Review: “The 15:17 to Paris”
“The 15:17 to Paris,” though based on an extraordinary true story and containing great messages about bravery and heroism, made for a rather disappointing feature film, especially with a hot-shot director (Clint Eastwood) leading it.
“The 15:17 to Paris” is the story of the heroes in a 2015 event known as the Thalys train attack. In a train headed from Amsterdam to Paris, a man with a gun went on a rampage. Passengers heroically worked together to stop him and help those who were injured, preventing what is suspected to have been a major tragedy. The men who helped, three Americans and one British man, were honored by the French government with Legion of Honor medals, “France’s highest recognition” (CNN).
A heavily advertised aspect of this Clint Eastwood film was the casting. Alek Skarlatos, Anthony Sadler, and Spencer Stone, the heroes of the attack and authors of the book about their experience, titled “The 15:17 to Paris: The True Story of a Terrorist, a Train, and Three American Heroes,” portrayed themselves in the film based upon their novel.
Though an intriguing idea, this casting decision seemed to diminish the impact of the film. The men were certainly not professional actors like their castmates, including Jenna Fischer and Judy Greer, and the somewhat trite writing was not to their benefit.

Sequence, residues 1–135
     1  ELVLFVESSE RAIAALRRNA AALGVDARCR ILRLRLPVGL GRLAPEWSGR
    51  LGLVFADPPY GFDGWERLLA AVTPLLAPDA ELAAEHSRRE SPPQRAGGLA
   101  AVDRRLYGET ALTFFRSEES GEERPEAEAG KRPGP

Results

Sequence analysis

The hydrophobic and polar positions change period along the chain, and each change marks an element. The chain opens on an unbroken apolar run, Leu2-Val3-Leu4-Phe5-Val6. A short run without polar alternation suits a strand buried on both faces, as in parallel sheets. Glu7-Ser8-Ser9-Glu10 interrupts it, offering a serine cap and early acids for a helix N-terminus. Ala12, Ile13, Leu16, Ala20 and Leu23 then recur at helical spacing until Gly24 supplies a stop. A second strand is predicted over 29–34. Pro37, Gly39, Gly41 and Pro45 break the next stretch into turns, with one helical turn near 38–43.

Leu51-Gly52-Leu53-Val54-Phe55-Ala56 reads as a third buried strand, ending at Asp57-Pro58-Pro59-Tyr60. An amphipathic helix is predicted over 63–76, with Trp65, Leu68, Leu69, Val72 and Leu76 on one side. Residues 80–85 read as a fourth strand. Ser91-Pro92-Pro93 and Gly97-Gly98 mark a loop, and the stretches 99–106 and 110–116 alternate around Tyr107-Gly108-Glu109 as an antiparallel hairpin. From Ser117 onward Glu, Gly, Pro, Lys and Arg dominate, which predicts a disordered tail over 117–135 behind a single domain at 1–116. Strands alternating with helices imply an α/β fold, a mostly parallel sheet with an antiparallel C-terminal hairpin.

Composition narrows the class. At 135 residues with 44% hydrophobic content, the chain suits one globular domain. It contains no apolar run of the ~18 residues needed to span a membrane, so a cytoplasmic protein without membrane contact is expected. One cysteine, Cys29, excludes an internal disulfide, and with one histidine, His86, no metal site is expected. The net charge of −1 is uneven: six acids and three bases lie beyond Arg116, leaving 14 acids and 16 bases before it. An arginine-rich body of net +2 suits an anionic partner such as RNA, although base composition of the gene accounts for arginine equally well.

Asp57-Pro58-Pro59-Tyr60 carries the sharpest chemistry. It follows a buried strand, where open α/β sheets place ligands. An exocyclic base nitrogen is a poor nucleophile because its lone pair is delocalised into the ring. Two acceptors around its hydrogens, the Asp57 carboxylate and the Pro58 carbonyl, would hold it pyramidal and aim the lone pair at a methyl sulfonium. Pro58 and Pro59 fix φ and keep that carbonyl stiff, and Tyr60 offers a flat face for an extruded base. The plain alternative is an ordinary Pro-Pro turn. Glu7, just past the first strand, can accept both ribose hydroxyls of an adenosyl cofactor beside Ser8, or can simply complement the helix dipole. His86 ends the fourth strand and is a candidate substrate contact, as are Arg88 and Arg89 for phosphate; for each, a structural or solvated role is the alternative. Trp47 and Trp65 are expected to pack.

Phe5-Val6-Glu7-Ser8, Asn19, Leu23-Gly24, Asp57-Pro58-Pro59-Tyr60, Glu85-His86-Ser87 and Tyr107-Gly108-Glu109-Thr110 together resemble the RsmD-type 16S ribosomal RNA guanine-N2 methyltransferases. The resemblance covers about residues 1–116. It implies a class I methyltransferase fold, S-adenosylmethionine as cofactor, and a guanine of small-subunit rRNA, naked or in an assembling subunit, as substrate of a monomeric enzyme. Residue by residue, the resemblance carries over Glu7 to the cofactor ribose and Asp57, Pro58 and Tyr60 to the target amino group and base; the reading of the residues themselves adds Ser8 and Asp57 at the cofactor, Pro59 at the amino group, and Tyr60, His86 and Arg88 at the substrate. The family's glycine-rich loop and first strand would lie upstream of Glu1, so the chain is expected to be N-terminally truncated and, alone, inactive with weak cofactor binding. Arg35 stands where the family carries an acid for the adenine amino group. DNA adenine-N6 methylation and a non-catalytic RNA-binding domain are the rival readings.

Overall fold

Though only about one hour and 20 minutes long, the film seemed much longer for many reasons. Trailers for the movie were misleading, making the film out to be an action-filled ordeal. However, the action only lasts about 10 minutes at most, and the first hour or so details the rather mundane aspects of the heroes’ lives, all the way from middle school.
Once the story moved on to Skarlatos, Sadler, and Stone’s adult lives, everything became extremely banal. It was unique in the sense that viewers really saw the day-to-day lives of these people. It emphasized the fact that their lives were extremely ordinary before something extraordinary happened to them. However, the execution could have been better.
Overall, I would say that “The 15:17 to Paris” was a classic case of good intentions gone wrong. Meant to be a feel-good, American-to-the-core, inspirational story for all families to enjoy, it fell short of its dream.